correct address?
   A.  It is.
   Q.  If you turn to the back of that document {C1/2/33} --
       and you will see it's also going to be shown on screen.
       When someone refers to a document you will also be able
       to see it on screen so you will be able to see both.
       But looking at that document, is that your signature?
   A.  It is indeed.
   Q.  Are the contents of that statement true to the best of
       your knowledge and belief?
   A.  They are.
   MR GREEN:  I am grateful.
   MR JUSTICE FRASER:  Mr Cavender.
                 Cross-examination by MR CAVENDER
   MR CAVENDER:  Good afternoon, Mrs Stubbs.
   A.  Good afternoon.
   Q.  Just a few introductory questions.  I think it is right
       you were postmistress between 3 August 1999 for some
       11 years.  Is that right?
   A.  No.  I took over when my husband died on 3 August --
   Q.  No, quite.  I was about to say you were an assistant for
       some twelve years prior to that?
   A.  Yes, thereabouts.
   Q.  And you stopped working as the postmistress on
       13 August 2010, just over eight years ago?
   A.  No.  I stopped working as postmistress on 8 June 2010
       when I was suspended.
   Q.  I see, yes.  I took the date of termination.  But about
       eight years ago?
   A.  Yes.
   Q.  You tendered your resignation I think on 12 May 2010
       giving three months' notice under your contract?
   A.  I did, only because I had been told that in order to
       place my Post Office up for sale I had to have given
       notice before I did it.
   Q.  The questions I am going to ask you about mainly today
       are events occurring in around 1999.
   A.  Yes.
   Q.  So some 19-odd years ago.  It is fair to say your memory
       of the details of those events is probably pretty vague,
       is that fair?
   A.  No, I don't think so.
   Q.  In terms of -- these are everyday events.  They're
       not -- in terms of receiving this document, that
       document.  They are not particularly stunning events,
       are they, like a car crash or something of that kind
       that would particularly attach it to your memory, is
       that fair?
   A.  If you are talking about August 1999 then, yes, they are
       very similar to a car crash.
   Q.  You are talking about your husband's death.
   A.  Yes.
   Q.  Yes, I accept that.
   A.  And everything that happened after that.
   Q.  I see.  I was thinking more about whether you received
       a particular document or which one you particularly
       signed.  19 years on, you can't be absolutely clear
       about that, I suspect.  Is that fair?
   A.  Some documents, yes.  Tell me which ones you mean and
       I will be able to tell you.
   Q.  Okay, we will go to them obviously.  I was trying to get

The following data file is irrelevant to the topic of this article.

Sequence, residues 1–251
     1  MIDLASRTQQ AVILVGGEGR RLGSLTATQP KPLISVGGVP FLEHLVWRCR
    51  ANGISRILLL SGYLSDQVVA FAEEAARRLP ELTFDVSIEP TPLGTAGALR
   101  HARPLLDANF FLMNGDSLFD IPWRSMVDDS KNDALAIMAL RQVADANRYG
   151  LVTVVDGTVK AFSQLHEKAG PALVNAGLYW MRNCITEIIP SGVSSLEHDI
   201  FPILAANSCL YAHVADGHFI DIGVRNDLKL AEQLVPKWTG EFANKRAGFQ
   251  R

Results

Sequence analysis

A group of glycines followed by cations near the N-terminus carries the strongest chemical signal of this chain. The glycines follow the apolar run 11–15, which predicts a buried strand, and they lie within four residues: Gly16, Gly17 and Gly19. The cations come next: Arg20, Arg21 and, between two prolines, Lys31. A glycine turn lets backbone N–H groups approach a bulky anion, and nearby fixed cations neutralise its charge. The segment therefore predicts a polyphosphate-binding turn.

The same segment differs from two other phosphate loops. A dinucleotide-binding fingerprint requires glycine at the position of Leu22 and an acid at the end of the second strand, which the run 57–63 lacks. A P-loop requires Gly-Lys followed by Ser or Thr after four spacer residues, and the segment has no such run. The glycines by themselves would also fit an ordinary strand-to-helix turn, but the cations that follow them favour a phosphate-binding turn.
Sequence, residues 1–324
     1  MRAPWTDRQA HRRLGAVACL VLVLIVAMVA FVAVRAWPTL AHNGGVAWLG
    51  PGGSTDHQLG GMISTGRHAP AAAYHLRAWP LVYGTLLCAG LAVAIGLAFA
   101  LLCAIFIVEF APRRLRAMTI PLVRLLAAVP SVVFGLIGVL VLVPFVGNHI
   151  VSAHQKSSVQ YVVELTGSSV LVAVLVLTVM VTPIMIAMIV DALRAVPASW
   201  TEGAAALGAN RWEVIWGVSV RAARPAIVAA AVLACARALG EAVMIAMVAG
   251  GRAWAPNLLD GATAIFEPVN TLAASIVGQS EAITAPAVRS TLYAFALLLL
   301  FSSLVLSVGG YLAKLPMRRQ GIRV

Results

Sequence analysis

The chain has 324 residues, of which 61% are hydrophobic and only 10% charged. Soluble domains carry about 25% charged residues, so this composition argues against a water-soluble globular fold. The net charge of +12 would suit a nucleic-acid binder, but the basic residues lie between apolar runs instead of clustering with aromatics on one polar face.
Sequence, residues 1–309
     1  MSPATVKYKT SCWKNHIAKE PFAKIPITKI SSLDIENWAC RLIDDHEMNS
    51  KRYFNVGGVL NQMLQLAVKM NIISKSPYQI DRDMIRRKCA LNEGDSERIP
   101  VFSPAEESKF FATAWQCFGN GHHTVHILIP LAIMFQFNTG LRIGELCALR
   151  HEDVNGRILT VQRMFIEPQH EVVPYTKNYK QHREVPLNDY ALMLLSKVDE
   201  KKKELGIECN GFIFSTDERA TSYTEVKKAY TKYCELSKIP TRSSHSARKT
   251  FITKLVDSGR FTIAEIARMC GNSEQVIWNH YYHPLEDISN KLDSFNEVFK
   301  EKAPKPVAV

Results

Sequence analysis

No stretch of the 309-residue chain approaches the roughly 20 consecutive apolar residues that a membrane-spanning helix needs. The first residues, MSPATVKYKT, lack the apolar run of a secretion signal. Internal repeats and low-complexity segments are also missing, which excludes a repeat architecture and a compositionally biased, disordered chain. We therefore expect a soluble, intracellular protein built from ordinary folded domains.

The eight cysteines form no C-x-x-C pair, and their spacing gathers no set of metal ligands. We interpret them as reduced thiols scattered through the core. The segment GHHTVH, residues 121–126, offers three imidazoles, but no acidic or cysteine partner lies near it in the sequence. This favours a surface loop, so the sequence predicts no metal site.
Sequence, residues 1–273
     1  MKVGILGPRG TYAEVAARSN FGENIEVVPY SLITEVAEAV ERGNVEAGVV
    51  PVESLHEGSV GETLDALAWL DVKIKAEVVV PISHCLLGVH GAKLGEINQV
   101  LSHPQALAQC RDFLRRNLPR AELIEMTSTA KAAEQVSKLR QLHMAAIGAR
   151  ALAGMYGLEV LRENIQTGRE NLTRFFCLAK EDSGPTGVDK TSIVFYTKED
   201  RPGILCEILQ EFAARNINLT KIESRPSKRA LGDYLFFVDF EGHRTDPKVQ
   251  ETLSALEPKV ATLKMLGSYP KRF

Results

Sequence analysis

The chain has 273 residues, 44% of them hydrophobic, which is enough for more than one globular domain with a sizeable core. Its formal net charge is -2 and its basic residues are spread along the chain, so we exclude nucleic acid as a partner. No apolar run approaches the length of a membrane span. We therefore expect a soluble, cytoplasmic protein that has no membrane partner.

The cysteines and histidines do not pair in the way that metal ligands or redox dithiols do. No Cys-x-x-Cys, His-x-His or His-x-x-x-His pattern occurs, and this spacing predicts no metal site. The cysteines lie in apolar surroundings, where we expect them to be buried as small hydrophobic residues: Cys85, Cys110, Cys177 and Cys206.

an outline.
           So prior to your resignation, is this right, you
       paid two deficits, one of £388-odd in November 2009?
   A.  Yes.
   Q.  And one of £2,500-odd in December 2009?
   A.  Yes.
   Q.  Deficits I think at the moment are outstanding of some
       £33,000-odd that you haven't paid, does that sound about
       right?
   A.  I thought they had actually come down to about 26, but
       yes, it's in the region of that amount, yes.
   Q.  You resigned on three months' notice on 12 May so that
       you could sell your Post Office to a purchaser you had
       found, is that right?
   A.  I actually had at the time three purchasers but
       Post Office wouldn't do anything, they wouldn't
       advertise it online, they wouldn't do anything about it
       until I had handed in my notice.  That is what I was
       told anyway.  In the event, they only contacted one of
       my purchasers.
   Q.  But you did that of your own free will?  You decided to
       resign --
   A.  After the eight months I had had, yes, I didn't feel
       I could carry on.
   Q.  You say that in August 1999 when you were appointed as
       a subpostmistress you had had twelve years of assisting
       in running a Post Office, yes?
   A.  Yes.
   Q.  And for the last year of that, so between September 1998
       to August 1999, when sadly your late husband was
       hospitalised, you ran in effect the branch and did all
       the balances, submitted the accounts yourself?
   A.  Yes, I did, with the help of one assistant.
   Q.  So in the ordinary way you were really running the
       branch at that point for all intents and purposes?
   A.  Yes, I was.
   Q.  So in terms of how you managed that, presumably there
       must have been an operations manual in the branch which
       you consulted from time to time to facilitate carrying
       out the balancing and submission of accounts?